hd_history_photo
Peter Deli

There I quoted from a biography:

Peter Francis Nicholas Deli was born on 26 March 1942 in Wellington, New Zealand. His parents, Lewis and Lily, were both Hungarian refugees who had fled Europe just before the beginning of the War. His father, an architect by training, had been a violinist in the Budapest Symphony Orchestra. His mother, who was Jewish, had tried to emigrate to Britain and Australia before settling for New Zealand. They met in New Zealand and married in 1941. After the War the Deli family moved to Sydney, Australia and settled in the Eastern Suburbs at Bondi. Sydney had a much larger population of East European migrs than the whole of New Zealand and the Delis were soon absorbed into the Hungarian community’s protective embrace. Peter’s early school years at Double Bay Primary School were far from typical of the elementary educational experience of most Australian children at the time. The extraordinary mix of nationalities and class backgrounds in the school must have had a profound effect on his early development. In 1955 he won a place to the prestigious Sydney Boys’ High School, one of the best secondary schools in New South Wales. Peter excelled in his studies during these years and matriculated with honours to the University of Sydney in 1960. During his undergraduate years he read History and Philosophy, graduating Bachelor of Arts with First Class Honours in History in 1964….

I continued:

After a very interesting career, including being in Paris in 1968, Peter succumbed to leukemia and died at home in Hong Kong on 12 February 2001.

The point made there about the cosmopolitan mix at Double Bay and SBHS at the time certainly struck me when I “migrated” from Sutherland (with Ross Mackay, Arno Eglitis, Robert Burnie and Laurence Napier) to SBHS in 1955. On the other hand, much to the surprise of one of my coachees who is now at SBHS, of  206 of us starting out in 1955 only one was Chinese (ABC) and one was Indian – Ashok Hegde, who became a close friend until he went to London in 1958. Ashok’s father was in 1958 the Assistant Indian Trade Commissioner in Sydney, if I recall correctly – but thus not a permanent resident in Australia.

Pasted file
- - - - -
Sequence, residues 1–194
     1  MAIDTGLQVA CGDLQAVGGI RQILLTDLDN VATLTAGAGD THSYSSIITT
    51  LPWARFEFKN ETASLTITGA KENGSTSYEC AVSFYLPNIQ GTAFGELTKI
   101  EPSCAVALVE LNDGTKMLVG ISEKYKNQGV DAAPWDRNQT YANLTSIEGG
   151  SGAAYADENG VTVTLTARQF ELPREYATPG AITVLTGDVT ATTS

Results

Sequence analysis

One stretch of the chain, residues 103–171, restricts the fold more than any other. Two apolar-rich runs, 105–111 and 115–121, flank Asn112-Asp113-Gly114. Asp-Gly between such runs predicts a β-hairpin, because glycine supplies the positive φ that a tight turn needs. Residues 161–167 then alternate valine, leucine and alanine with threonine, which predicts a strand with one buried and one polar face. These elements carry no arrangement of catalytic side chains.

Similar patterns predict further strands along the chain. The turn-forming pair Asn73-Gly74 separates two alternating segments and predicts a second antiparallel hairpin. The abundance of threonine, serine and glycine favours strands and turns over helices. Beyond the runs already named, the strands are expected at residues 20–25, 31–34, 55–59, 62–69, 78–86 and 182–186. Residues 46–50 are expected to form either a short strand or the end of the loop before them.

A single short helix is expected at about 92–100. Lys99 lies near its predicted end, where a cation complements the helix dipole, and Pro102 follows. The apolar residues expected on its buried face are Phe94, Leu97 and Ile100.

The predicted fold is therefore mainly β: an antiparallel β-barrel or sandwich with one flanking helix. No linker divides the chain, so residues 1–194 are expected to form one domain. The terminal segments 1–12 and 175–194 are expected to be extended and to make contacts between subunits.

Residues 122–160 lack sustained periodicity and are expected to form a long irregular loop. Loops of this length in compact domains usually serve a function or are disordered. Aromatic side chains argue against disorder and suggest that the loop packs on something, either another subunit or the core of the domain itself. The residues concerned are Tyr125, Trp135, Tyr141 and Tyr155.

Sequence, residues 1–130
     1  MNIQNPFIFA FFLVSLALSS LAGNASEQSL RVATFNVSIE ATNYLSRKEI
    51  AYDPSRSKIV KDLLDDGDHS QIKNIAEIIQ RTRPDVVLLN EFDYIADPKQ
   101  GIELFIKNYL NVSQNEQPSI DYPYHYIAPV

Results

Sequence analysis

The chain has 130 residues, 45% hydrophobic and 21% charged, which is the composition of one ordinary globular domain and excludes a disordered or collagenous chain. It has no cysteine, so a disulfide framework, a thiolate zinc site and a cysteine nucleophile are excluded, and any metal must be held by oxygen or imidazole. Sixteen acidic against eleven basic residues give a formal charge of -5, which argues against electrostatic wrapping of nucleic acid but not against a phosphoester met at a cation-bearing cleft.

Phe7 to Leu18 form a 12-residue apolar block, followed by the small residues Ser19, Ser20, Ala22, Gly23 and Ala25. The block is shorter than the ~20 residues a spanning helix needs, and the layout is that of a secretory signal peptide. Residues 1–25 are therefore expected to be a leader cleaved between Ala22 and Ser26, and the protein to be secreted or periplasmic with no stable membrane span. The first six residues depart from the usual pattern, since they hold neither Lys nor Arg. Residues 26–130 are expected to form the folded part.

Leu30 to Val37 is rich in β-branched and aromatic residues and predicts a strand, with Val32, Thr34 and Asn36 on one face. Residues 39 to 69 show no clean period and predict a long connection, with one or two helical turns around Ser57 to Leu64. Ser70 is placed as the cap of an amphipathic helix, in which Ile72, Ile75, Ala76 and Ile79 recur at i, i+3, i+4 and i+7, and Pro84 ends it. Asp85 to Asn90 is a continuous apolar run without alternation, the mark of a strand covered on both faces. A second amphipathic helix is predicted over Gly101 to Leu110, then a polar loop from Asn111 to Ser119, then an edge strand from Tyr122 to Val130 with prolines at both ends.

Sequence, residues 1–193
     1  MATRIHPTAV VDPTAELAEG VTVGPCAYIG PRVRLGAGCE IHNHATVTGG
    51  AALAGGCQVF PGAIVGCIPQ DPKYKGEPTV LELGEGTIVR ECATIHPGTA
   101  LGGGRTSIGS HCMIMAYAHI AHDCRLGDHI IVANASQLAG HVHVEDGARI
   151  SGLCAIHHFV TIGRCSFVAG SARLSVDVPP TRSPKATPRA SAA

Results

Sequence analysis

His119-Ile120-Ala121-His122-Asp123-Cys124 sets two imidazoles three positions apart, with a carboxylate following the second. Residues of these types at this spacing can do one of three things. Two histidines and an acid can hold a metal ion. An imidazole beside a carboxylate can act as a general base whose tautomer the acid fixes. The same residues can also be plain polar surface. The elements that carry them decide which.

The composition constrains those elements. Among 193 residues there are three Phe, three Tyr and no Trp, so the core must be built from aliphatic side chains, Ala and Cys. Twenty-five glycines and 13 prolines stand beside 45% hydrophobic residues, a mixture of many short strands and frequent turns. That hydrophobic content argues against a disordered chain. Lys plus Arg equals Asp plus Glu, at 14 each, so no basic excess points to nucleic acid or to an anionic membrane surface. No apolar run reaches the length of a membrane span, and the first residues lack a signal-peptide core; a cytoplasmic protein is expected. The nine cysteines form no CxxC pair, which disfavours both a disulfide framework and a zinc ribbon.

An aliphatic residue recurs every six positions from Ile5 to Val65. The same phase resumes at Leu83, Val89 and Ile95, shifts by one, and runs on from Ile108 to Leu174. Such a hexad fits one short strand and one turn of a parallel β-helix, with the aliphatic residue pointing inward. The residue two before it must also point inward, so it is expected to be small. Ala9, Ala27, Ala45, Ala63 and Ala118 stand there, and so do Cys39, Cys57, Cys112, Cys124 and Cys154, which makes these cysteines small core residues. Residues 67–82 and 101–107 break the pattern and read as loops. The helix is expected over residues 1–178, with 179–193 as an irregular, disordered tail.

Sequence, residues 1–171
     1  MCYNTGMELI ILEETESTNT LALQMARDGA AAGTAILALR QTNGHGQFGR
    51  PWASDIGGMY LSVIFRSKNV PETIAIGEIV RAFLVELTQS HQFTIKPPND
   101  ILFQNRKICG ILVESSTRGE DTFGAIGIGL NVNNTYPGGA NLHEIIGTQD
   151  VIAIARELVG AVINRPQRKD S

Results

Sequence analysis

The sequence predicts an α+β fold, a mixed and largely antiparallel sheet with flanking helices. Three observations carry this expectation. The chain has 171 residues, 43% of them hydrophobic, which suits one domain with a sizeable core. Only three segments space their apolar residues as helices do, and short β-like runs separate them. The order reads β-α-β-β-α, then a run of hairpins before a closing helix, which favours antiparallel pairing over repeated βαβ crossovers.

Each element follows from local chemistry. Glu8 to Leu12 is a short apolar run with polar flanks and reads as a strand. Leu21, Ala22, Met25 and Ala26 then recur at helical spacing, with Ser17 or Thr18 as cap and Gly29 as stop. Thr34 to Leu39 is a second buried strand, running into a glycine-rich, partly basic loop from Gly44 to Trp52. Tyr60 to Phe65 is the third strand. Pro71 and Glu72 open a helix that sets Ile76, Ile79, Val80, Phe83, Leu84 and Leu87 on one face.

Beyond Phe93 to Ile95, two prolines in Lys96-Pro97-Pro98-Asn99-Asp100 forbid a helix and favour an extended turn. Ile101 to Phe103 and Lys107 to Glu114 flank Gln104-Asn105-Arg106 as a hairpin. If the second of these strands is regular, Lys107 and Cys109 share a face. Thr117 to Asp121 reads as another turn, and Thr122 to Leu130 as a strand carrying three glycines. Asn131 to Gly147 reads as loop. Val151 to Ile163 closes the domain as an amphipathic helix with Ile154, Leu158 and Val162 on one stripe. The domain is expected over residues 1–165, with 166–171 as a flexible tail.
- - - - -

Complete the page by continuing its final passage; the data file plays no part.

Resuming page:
Such are few of the experiences of my schoolboy self that took this Shire lad into worlds previously unknown to him, and which shape his reaction to such things as politics and the events in the Middle East to this day!

More relevant to yesterday’s post, it was the consideration of such friends as those named in this post and what the theology that prevailed in the mid 1960s at Sutherland Presbyterian Church about “election” — God’s inscrutable thing of saving some and not others for reasons we poor mortals could not hope to understand — logically had in store for them gave me the uncomfortable feeling that God was some sort of petulant idiot!

Robbie Burns in “Holy Willie’s Prayer” offers a parody of that doctrine of election which, however, is not all that wide of the mark:

O Thou, that in the heavens does dwell,
As it pleases best Thysel’,
Sends ane to Heaven an’ ten to Hell,
For Thy glory,
And no for onie guid or ill
They’ve done afore Thee!

There was more to it of course, but such a thought eventually became too much even tacitly to assent to. From there over time it became clear that some of the fundamentals were really off — this took a long time.

First, the idea that there is a systematic theology recoverable from the many and varied texts of the Bible became less and less viable.